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The Chef & Her Potters

East Fork Pottery in Asheville, NC, is chef Vivian Howard's go-to destination for hand-crafted dinnerware. See how the husband-and-wife team behind this operation has built one of the country's most exciting ceramics workshops in the South.

Potter Alex Matisse and his crew at East Fork Pottery in Asheville, NC, supply Chef & the Farmer with some of restaurateur Vivian Howard's most beloved pieces. (We featured Vivian in our November issue story "Home Again.") The pottery was founded in 2010. Today Alex and his wife Connie Matisse (assisted by daughters Vita and Lucia, business partner John Vigeland, and their growing team) have created a must-visit destination for pottery enthusiasts. Here, we sit down with Connie to learn more about East Fork.

How would you describe East Fork's aesthetic?

East Fork is timeless, simple, and beautiful.

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You met Alex while working on a North Carolina goat farm. What made you stay in North Carolina and not pursue the Peace Corps as you intended?

I left New York in 2008, when the financial crisis caused the nonprofits I was working with to shutter their doors overnight. I thought a stint at the goat farm was going to be one of several stops on my way back up to New York, where I'd ultimately planned on ending up. I thought for sure I'd hang with a writerly crowd up there. But one day, while I was selling goat cheese at the local holiday market, I met Alex. I moved in two months later. That was nine years ago. I never made it back to New York.

What was your role in building East Fork Pottery—the kiln, the workshops, and the website?

When I first moved in with Alex, there was no kiln and no workshop—just a dusty, creaky little farmhouse filled with ghosts. But Alex had big plans for the place and I was in love, so I went along for the ride. I laid bricks for the big wood kiln, planted a big garden, helped with glaze mixing, manned the booth at craft shows, took some photos, wrote the newsletters—but it was primarily a one-man show. I still thought I was going to find something completely un-pottery-related to do with myself. I managed restaurants, poured drinks, and went to graduate school for Clinical Mental Health Studies. It took until 2015 before I realized Alex, East Fork, and I would all be better off if I committed myself to the family business.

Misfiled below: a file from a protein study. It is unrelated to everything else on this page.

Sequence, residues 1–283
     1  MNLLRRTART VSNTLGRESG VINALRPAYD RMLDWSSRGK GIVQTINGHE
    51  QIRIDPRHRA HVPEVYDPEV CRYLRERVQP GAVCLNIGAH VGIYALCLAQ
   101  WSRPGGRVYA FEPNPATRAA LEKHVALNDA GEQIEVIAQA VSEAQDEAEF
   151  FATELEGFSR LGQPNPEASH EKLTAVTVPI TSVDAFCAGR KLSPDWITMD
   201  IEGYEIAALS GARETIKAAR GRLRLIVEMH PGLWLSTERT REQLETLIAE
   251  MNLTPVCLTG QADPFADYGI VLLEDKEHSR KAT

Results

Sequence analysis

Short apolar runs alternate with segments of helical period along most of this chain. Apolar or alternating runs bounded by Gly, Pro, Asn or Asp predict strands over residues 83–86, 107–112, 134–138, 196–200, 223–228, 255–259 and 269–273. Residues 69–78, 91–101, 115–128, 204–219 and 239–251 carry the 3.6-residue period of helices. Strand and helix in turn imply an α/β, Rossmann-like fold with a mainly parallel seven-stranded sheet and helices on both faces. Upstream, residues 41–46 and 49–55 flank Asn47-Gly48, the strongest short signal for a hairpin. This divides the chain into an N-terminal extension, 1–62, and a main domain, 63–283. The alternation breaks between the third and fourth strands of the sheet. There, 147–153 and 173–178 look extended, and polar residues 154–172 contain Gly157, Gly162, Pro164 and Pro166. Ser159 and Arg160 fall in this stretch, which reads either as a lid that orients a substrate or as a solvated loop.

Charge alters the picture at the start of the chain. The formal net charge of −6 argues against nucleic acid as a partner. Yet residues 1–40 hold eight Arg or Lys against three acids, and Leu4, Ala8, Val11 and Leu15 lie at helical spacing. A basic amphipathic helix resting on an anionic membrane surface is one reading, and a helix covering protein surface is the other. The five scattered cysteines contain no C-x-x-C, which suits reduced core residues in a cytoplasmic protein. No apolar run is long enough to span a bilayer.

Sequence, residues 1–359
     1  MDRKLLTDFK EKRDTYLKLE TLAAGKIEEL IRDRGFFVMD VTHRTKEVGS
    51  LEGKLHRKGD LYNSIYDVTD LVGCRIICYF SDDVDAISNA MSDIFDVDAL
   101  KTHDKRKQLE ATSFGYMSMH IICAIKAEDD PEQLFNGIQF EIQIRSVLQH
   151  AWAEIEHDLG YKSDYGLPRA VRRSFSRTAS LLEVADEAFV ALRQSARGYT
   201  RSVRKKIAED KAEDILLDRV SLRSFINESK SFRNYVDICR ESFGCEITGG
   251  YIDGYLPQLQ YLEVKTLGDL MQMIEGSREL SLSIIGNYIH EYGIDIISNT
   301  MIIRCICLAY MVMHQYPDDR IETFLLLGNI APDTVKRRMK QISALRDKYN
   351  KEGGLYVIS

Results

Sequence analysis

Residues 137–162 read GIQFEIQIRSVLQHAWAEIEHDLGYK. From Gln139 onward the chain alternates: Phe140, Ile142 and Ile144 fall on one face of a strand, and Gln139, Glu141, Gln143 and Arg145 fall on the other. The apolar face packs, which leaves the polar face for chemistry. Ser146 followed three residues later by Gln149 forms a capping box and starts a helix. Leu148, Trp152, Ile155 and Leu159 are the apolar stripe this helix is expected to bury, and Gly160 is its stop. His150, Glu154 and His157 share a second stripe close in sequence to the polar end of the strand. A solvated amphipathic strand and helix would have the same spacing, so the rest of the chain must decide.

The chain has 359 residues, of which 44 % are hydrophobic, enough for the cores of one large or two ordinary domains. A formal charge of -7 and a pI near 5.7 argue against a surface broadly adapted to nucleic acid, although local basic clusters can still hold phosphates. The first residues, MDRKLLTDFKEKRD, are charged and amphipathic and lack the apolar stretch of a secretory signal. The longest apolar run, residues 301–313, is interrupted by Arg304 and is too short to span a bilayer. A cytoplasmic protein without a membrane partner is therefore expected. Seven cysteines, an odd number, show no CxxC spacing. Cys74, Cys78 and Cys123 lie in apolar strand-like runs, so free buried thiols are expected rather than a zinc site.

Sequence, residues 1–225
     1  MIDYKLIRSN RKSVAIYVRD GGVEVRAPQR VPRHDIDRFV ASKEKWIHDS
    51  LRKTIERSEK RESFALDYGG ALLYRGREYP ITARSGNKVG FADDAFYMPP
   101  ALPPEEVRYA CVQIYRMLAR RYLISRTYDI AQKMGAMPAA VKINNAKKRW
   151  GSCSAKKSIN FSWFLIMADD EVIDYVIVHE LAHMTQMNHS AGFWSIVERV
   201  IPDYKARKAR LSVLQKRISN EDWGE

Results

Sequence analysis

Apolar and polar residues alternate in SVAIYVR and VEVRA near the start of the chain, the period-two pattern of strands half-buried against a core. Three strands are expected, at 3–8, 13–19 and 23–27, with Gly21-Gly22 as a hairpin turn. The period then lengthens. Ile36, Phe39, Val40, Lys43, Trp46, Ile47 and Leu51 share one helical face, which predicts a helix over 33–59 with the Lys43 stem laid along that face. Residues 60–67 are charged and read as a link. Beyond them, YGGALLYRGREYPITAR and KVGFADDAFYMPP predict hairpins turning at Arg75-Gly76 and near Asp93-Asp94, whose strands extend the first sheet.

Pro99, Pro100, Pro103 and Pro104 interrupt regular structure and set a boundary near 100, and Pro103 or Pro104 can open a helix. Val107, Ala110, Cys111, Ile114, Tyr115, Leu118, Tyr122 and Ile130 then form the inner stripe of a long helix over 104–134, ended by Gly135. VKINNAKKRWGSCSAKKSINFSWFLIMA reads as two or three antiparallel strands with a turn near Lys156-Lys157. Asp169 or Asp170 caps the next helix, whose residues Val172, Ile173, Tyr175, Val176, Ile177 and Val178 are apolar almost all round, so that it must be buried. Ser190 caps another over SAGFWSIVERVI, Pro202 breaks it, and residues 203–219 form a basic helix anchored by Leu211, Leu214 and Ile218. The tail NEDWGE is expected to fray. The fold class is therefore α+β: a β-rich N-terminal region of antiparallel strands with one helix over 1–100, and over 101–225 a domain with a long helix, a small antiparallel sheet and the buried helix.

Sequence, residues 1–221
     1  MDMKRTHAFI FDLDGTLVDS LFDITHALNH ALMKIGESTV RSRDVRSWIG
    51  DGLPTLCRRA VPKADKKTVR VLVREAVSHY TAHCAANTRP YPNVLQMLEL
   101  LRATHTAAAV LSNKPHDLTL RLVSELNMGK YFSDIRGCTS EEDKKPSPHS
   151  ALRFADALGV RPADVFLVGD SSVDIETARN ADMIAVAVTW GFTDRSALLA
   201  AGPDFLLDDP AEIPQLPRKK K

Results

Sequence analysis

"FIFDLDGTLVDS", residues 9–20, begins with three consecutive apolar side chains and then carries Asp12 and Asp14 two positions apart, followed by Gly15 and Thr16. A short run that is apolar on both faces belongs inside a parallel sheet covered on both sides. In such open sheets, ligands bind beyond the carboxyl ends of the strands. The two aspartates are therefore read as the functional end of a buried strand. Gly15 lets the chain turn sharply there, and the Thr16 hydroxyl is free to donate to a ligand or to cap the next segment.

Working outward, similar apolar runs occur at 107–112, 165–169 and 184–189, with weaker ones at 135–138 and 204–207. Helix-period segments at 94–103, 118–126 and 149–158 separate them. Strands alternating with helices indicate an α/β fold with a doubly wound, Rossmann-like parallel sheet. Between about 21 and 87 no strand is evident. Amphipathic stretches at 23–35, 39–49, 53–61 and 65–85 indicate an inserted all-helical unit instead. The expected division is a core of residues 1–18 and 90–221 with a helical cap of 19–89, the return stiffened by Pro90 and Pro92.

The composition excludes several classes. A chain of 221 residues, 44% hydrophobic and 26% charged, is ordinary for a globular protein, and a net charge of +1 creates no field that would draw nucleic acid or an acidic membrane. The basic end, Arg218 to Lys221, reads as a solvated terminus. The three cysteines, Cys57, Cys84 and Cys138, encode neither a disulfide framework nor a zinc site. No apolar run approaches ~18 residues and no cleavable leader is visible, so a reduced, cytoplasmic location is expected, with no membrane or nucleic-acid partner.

Now, with the support of an awesome sales and creative team, I write our newsletters, come up with new forms and glaze colors, run our social media, manage our partnerships, oversee the retail buying for our store, take a lot of photographs, and do all sorts of other little, unsexy tasks that go into getting pottery from the workshop to your table. It always cracks us up when people come into the store and ask our awesome sales staff it they've made all of the hundreds of pieces of pottery on the shelves. It really does take a village, and we're lucky to have a great one.

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What was the initial concept? How has it evolved since then?

Oof, that's a doozy! Alex was trained in traditional ceramic apprenticeships under North Carolina potters Matt Jones and Mark Hewitt. When he left the workshops of his teachers and started out on his own, he, like any other potter who learns through apprenticeship, made pots that very much resembled his teacher's pots. They were fired in a large, wood-burning kiln known in potters' circles as an anagama style. East Fork's early pots were strongly rooted in the Hamada-Leach-Cardew lineage because of Alex's apprenticeship. John [Vigeland, East Fork's business partner] came from the same lineage.

When John joined us in 2012, we had no idea which direction we would be heading in—we just knew we wanted to do something that was going to connect us to a large community, and that we could grow and share with other people. The changes to our business happened so organically. I've always worked in restaurants and have a deep reverence for dining, and I think our desire to make a functional, beautiful, but pared-down dinnerware collection came largely from that. John turned out to be an absolute magician with the books—he's in charge of showing us how we can responsibly finance all the wild ideas that Alex and I cook up in bed at 2 am. And Alex has really blossomed in his new leadership role—he's incredible at building meaningful relationships with our community, our investors, and our vendors. His plans for East Fork seem to grow every day.

This spring we'll open a small factory in downtown Asheville, where we plan to employ 30 or so people by the end of next year. Now, we see East Fork as both a designer and manufacturer of lasting ceramic dinnerware and a great place to work; a container for building community, celebrating material culture, and showcasing work in other mediums made with integrity; and an example of how businesses can engage with their customers and community in a more holistic, human-centered way.

East Fork Pottery is part of several food-industry collaborations. Tell us more about those partnerships. What restaurants/chefs do you work with?